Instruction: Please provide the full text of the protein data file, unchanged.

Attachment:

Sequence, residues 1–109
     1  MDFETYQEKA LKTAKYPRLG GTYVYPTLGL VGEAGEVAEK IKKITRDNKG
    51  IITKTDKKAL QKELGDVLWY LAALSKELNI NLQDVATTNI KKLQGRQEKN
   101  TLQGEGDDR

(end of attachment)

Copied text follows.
Sequence, residues 1–109
     1  MDFETYQEKA LKTAKYPRLG GTYVYPTLGL VGEAGEVAEK IKKITRDNKG
    51  IITKTDKKAL QKELGDVLWY LAALSKELNI NLQDVATTNI KKLQGRQEKN
   101  TLQGEGDDR